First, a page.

If you or a member of your family is preparing for a military deployment, the last thing you want to deal with is identity theft. According to a Federal Trade Commission survey, in 2005 8.3 million Americans were victims of this crime. On average, these victims spent four hours working to restore their identity and credit, but for over 10 percent, it took at least 55 hours to get things straightened out.
Thankfully, an amendment to the Fair Credit Reporting Act is intended to help military families avoid this hassle. Under the Act, “active duty alerts” are available to members of the military who are away from their usual duty station. Your credit report includes information about your address, your bill payment history, and whether you have ever filed for bankruptcy or been arrested or sued. This information is then sold by a nationwide consumer reporting company to businesses that are considering extending you credit. If you have such an active duty alert on your report and a business is attempting to extend credit to someone in your name, the business will see the alert and then must verify the identity of the person seeking credit. This extra step makes it much more difficult to steal the identity of an active duty military member.
Be aware that such precautions are not perfect-if you are interested in getting credit while an alert is in place, it can be time consuming as the business will have to confirm your identity, which may be difficult once you are deployed. However, chances are good that this inconvenience will be much less than that associated with trying to repair your credit.
If you or a family member is interested in obtaining an active duty alert, simply call the toll-free number of one of the three nationwide consumer reporting companies:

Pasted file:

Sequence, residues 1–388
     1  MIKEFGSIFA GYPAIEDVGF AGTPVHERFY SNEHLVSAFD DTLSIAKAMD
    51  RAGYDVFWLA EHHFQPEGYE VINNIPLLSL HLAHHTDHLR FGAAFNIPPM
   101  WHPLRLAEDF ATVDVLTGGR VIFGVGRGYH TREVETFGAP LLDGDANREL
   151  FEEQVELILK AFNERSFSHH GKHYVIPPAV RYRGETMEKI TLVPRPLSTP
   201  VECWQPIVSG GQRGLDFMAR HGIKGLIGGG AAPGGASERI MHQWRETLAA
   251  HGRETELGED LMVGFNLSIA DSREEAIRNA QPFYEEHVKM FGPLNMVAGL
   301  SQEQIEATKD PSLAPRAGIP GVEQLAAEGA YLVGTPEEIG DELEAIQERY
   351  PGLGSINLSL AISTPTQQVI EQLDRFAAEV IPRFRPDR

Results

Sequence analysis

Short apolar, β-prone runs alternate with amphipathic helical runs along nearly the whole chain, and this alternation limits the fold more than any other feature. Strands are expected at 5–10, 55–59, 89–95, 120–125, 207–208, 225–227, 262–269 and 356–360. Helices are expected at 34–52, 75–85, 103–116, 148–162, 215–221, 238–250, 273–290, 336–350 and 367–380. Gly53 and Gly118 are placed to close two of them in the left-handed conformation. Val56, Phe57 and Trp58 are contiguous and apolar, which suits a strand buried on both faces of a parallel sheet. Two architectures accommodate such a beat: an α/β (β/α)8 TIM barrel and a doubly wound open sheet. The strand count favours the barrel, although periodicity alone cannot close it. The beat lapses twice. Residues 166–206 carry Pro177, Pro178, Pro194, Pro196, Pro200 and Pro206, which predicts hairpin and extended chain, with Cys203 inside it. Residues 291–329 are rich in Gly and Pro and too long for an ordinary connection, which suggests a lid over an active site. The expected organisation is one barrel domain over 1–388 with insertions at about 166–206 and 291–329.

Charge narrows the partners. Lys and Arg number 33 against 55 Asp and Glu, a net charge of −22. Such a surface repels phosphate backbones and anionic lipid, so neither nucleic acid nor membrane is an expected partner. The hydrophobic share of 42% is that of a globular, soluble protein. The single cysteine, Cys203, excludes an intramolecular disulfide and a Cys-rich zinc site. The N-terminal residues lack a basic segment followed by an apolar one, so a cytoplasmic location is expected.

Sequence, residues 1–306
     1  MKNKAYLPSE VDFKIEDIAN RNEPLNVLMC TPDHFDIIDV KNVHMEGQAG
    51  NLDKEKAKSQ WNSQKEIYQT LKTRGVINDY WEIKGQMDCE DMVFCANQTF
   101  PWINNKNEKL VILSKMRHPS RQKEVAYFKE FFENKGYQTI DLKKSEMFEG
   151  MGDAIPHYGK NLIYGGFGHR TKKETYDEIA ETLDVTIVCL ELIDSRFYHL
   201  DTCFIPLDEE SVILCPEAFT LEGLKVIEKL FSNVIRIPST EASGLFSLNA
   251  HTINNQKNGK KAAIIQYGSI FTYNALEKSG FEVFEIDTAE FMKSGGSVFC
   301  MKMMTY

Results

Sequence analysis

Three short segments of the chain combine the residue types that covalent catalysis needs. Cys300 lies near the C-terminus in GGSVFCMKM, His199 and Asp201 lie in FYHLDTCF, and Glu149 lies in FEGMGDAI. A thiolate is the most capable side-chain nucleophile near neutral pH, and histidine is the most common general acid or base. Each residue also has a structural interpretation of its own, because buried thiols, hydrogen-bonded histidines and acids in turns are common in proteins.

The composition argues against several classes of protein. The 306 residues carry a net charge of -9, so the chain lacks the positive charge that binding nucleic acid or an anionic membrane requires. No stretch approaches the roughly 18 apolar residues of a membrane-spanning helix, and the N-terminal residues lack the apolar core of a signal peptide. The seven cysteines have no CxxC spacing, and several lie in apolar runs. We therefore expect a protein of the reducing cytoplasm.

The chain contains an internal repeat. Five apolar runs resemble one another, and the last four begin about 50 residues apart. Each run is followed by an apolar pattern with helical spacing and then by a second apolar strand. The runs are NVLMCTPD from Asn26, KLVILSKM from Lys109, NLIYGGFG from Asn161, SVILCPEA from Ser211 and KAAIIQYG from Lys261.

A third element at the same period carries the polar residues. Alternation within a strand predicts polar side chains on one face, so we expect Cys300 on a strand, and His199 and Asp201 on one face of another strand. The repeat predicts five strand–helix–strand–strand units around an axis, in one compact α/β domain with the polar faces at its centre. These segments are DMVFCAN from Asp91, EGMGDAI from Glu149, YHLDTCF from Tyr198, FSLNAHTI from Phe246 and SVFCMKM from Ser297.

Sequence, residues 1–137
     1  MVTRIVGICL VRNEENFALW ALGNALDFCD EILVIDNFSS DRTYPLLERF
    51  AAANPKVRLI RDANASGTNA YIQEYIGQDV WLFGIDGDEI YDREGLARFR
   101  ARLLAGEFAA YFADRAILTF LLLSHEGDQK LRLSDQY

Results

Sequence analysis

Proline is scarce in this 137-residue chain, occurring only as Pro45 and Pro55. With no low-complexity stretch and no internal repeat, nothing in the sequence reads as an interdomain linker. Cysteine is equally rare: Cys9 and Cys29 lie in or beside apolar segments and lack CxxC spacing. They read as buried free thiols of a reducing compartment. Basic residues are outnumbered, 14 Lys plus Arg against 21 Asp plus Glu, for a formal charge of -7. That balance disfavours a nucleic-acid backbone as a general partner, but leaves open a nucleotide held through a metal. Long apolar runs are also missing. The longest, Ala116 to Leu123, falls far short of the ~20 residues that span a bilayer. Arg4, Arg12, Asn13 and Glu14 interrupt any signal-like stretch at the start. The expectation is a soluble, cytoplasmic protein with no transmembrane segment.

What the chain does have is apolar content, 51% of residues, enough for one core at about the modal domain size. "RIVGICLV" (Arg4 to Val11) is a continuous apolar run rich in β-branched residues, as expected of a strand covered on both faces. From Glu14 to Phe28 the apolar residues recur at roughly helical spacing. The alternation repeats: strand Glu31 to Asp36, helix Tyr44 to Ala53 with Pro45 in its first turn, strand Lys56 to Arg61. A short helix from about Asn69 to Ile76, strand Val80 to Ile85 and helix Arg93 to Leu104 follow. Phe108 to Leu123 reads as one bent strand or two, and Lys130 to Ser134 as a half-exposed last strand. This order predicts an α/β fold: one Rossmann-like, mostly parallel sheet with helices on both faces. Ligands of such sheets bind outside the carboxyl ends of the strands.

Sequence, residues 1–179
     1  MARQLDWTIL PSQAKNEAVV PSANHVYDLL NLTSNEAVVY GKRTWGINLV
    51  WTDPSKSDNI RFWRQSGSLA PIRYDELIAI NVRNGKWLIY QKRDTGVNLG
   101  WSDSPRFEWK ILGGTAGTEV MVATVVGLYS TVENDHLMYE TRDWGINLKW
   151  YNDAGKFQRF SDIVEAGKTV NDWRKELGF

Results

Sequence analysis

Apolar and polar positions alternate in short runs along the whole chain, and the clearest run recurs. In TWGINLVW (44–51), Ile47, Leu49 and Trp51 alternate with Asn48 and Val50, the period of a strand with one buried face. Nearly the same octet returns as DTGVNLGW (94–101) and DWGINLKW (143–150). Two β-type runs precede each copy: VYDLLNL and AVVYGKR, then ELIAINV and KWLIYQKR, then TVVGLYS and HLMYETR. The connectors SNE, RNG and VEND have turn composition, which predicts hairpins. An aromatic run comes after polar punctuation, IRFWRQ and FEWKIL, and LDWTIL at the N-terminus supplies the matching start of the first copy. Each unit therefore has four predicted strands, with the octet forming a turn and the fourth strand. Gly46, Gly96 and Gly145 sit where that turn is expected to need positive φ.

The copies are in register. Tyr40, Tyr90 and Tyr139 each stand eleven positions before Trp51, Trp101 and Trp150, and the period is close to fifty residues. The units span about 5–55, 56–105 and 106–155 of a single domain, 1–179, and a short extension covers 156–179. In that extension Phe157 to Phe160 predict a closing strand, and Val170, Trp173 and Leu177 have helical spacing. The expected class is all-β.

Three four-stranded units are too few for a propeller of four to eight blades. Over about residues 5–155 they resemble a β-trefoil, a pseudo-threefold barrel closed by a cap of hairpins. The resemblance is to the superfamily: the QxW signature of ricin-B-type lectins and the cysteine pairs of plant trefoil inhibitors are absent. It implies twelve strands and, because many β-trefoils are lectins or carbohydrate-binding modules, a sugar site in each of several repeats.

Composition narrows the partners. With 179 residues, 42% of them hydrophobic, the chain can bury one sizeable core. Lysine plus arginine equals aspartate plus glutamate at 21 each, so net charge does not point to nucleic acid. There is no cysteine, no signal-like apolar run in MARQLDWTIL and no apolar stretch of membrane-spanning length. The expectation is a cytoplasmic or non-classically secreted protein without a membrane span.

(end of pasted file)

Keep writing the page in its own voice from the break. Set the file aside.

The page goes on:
- Exquifax（1-800-525-6285 or www.equifax.com）
- Experian（1-888-397-3742 or www.experian.com）
- TransUnion（1-800-680-7289 or www.transunion.com）
You will have to provide identifying information, which can include your name, address, Social Security number, and other personal information. Unless you request that it be removed earlier, such alerts are effective for one year. To learn more about your credit rights, visit ftc.gov/credit.
This amendment to the Fair Credit Reporting Act is just one of a number of legislative efforts aimed at helping servicemembers and their families. For example, the federal government passed a law in 2006 that imposed limits on the ability of payday lenders to target military personnel. Servicemembers and their families should take full advantage of any and all benefits such as these that are offered, both before and during deployment. The Web site of the National Military Family Association (www.nmfa.org) provides detailed information on such programs. Like many financial and identity theft protections, these tools only work if you use them.
Alerts Also Apply To Reservists!
Don’t worry if you or a family member is a reservist – active duty alerts still work. So long as you are on active duty and are away from your usual station, you are eligible for active duty alerts, regardless of your status as a reservist.